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The True Meaning of Valentine’s Day

This article is written by a student writer from the Her Campus at Northeastern chapter.

I remember being in high school where I was so dead-set on my idea of what a perfect Valentine’s Day was. It was getting the most roses from my friends and secret admirers through the Valentine’s Day booth that the student council had set up, and (hopefully) being asked out by that cute boy on the basketball team that all the girls swooned over. Basically, for all four years of my high school life, I expected all these things to be done for me, without ever thinking that I should be more deliberate in showing my love and appreciation for the people I care about. While I did get my fair share of roses and chocolates, there really was never any depth beyond that superficial, materialistic meaning I had for this special day aside from that giant ego boost. Fast forward a couple of years later, and today I most definitely do not picture a perfect Valentine’s Day the same way I did before.

As Valentine’s Day creeps up on us, it’s important not to get caught up in the expectations that today’s society has set for this over commercialized and seemingly useless holiday. We shouldn’t expect anything on this day, but instead, we should be intentional about doing the opposite for the people we love and care about. This generation, myself included, has made it so apparent that monetary gifts should be expected as an expression of love, with the ridiculous skyrocketing prices of flowers as we approach February 14th and all the cutesy decorations that are decked out in red and white. We’ve taken this holiday, which is meant to celebrate love, and morphed it into a holiday that celebrates expensive gifts and exorbitant dinners. If you won’t take it from me, at least take it from Michael Scott.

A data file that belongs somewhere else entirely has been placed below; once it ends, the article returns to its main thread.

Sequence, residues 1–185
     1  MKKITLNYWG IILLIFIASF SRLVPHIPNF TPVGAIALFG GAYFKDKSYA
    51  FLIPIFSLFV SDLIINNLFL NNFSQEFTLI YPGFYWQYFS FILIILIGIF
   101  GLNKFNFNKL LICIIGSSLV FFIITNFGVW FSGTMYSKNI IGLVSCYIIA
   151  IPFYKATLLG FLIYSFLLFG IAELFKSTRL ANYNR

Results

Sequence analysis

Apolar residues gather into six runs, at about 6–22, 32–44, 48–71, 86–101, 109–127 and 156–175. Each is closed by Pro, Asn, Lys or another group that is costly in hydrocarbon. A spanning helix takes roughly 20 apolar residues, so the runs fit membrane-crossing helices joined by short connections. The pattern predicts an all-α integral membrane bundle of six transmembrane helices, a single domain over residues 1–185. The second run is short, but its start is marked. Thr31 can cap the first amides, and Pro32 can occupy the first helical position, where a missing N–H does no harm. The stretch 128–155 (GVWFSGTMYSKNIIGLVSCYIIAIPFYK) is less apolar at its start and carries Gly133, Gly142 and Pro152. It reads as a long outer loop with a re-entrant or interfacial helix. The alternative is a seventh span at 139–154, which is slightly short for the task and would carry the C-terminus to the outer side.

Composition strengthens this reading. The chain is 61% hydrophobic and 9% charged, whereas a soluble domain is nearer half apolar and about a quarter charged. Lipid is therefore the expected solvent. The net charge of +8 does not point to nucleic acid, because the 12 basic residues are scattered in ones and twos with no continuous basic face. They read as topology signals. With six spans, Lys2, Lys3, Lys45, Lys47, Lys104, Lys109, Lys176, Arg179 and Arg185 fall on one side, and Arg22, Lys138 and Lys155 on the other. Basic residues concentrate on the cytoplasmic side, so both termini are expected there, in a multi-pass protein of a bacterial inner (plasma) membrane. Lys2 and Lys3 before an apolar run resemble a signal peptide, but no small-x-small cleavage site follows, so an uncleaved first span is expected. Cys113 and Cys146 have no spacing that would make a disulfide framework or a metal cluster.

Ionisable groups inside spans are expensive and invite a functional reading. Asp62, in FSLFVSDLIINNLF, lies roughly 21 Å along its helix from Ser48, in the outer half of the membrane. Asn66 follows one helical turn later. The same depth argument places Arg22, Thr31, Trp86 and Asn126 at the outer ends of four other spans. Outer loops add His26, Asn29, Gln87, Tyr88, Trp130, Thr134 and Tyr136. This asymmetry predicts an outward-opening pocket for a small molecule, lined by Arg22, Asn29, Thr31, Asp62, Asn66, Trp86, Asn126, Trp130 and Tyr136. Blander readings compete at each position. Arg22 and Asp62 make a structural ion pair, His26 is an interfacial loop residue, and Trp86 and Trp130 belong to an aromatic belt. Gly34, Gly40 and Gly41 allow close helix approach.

Courtesy of Imgur

All jokes and cynicism aside, this generation really is swarmed with the expectations fueled by social media. I mean, when we think about it, it really is so ridiculous that we absolutely feel the need to show the rest of the world the gifts/activities we receive and do on this one day as compared to the rest of the 364 days in a year.

Ultimately, Valentine’s Day is a day for us to let our significant others and friends know that we love and appreciate them, but remember, it doesn’t have to be February 14th for you to do that. We should all practice intentionally expressing our love more in our own little ways. Not that I am against celebrating Valentine’s Day in any way, but I really challenge you today to celebrate it (or any other day, in fact) without any of society’s expectations of what the day should look like. The bond that you and your significant other and friends share is one that is unique and unlike any other, and that is why you should rejoice in a day that, similarly, is unique to both of you, rather than just doing what everyone else is doing on February 14th. Remember, everything gets cheaper after February 14th! Don’t be so #mainstream. 

                                                                                                                      Courtesy of Giphy